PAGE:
I want you to consider embracing the negative..
I know, I know. This is a weird one, right?
If you are trying to achieve happiness why would you embrace the negative things in your life?
Alan Watts was a British philosopher who popularised the ‘backwards law.’
In simple terms he believed the harder you try to achieve something the less likely you are to succeed.
‘When you try to stay on the surface of the water, you sink; but when you try to sink, you float.’
Self help books, motivational speakers and blogs (yes, the irony is not lost on me) ask you to focus on the best version of you.
If you have to constantly push yourself. If you have to remind yourself to be positive.
If Happiness is a daily chore focusing on being the best version of you is likely making you miserable.
Much of the self-help out there can be counter productive – even if the motive is coming from good intentions.
Embracing the negative gives us permission to accept our flaws.
We do not have to beat ourselves up about not having the perfect life.
It allows us to gain perspective and moves us away from sabotaging the endless pursuit of happiness.
Talking to Yourself
When you notice negative feelings and thoughts it is natural to want to banish them.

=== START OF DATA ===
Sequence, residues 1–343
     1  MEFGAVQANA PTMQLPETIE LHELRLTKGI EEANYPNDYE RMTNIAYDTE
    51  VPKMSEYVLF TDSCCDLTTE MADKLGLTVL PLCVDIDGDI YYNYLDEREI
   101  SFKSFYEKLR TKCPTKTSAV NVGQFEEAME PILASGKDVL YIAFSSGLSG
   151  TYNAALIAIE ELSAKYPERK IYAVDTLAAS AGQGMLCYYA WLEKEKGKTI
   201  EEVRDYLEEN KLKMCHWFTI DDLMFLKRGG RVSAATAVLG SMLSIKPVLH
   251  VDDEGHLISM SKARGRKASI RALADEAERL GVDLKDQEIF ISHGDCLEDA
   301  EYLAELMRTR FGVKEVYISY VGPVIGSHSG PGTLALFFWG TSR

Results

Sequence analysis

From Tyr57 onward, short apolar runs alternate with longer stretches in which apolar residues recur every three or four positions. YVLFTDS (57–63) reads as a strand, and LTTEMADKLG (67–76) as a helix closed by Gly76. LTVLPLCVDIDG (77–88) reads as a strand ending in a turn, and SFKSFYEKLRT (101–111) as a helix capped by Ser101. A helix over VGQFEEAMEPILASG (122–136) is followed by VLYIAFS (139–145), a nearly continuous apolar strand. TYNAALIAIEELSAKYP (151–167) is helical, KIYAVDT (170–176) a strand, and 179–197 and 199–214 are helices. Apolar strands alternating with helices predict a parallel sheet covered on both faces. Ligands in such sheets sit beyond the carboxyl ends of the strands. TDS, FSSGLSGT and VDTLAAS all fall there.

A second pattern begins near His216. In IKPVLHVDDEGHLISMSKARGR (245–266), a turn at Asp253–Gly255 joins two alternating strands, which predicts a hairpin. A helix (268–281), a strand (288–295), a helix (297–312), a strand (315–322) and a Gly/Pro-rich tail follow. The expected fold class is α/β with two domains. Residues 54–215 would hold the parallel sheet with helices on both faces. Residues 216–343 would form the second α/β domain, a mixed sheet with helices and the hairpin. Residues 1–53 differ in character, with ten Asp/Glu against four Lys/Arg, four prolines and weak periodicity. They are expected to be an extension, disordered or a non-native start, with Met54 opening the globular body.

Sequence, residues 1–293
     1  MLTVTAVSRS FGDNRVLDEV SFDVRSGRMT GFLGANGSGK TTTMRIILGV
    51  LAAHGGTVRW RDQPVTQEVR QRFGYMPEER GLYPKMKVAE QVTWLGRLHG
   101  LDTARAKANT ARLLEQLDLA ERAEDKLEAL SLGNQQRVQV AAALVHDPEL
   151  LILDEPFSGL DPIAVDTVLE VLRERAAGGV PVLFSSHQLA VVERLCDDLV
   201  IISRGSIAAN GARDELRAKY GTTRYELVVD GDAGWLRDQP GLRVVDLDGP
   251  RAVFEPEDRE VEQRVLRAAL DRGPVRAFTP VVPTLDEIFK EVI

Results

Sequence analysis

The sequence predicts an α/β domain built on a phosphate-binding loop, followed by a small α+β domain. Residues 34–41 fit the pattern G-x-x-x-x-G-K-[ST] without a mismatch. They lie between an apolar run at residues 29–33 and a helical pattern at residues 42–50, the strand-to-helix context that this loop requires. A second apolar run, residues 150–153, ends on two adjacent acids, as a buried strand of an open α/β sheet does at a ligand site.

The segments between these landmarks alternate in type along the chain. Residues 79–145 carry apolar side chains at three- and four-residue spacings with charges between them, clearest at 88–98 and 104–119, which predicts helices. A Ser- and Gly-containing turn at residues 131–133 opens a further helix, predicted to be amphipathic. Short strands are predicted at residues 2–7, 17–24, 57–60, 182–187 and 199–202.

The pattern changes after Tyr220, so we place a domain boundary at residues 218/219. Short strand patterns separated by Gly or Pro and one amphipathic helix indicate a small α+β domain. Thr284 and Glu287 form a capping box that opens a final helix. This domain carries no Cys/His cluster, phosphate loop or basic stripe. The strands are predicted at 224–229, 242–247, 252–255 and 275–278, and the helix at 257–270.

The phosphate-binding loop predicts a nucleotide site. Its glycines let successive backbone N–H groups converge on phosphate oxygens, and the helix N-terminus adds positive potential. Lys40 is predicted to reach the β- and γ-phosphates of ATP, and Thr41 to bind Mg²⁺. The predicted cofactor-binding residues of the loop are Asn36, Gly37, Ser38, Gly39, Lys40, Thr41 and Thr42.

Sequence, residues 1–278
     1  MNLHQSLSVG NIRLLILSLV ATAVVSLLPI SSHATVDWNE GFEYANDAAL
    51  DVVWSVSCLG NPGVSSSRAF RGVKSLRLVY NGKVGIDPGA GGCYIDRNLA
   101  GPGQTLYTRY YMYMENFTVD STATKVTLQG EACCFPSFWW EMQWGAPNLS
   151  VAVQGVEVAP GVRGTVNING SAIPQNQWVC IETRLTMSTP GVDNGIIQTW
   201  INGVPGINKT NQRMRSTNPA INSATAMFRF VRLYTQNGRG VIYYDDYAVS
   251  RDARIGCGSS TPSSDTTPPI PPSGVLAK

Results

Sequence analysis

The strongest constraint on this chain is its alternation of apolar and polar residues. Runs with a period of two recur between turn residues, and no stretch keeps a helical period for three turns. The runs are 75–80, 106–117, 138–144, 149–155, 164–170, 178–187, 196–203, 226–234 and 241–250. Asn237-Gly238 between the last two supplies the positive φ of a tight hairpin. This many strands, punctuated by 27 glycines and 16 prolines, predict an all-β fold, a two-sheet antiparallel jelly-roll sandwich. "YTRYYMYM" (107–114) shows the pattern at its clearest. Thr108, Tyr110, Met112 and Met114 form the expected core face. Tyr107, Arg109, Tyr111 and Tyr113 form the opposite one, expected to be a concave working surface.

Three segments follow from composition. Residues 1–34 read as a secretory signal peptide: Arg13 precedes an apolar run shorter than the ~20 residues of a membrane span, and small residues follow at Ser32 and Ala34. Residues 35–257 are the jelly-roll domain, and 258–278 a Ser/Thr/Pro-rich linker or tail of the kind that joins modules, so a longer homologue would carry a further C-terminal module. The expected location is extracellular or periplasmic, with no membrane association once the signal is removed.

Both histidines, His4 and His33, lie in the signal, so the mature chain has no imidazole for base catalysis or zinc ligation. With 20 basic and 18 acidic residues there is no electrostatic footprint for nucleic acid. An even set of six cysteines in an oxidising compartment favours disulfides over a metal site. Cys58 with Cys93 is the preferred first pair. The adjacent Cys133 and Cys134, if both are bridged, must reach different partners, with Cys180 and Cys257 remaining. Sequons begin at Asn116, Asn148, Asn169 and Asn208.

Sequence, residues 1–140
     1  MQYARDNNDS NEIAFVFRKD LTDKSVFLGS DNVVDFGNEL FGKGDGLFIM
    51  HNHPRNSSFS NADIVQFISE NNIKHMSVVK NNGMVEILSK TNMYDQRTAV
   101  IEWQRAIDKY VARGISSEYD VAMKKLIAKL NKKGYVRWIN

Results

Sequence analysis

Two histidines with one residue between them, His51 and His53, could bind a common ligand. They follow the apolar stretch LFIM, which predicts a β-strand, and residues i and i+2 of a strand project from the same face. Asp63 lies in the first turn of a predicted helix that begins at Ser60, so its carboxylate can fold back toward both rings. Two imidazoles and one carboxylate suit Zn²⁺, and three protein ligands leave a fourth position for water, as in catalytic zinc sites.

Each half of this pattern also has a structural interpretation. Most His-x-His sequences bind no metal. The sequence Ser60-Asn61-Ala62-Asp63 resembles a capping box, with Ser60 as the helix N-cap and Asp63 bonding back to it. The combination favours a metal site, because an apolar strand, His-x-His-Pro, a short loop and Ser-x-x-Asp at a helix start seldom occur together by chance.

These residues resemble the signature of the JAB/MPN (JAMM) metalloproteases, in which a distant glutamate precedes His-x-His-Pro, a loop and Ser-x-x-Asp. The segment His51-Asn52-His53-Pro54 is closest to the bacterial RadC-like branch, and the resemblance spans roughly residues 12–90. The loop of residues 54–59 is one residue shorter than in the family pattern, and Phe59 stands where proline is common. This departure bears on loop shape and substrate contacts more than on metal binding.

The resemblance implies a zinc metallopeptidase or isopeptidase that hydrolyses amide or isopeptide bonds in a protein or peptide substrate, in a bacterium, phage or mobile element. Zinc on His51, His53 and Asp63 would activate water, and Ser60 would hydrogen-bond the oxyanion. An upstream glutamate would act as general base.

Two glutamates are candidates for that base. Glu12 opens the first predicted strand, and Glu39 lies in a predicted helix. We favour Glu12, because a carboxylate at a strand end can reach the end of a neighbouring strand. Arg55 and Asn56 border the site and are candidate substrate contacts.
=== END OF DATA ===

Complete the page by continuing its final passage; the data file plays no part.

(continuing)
Another way of dealing with these thoughts and feelings is to acknowledge how you feel.
Let the feeling sit with you a while and allow them to move on.
You don’t have to react them.
In your mind you may even want to say something like:
‘Oh, that’s interesting. I’m feeling frustrated. How is this feeling serving me right now?’
In doing so you are starting to understand the story of your thoughts.
You are embracing them and allowing them to speak to you.
In doing so you are stepping away from an immediate reaction and increasing your self-awareness.
Stoics (its teachings suggested humans should find acceptance in what we have been given in life), believe it is better to face feelings than avoid them.
Imagine yourself in the worst situation imaginable.
Would you survive an ordeal of seeing a dead body, like Mulder did?
Even if it may be an unpleasant experience your would get through it.
You would find a way.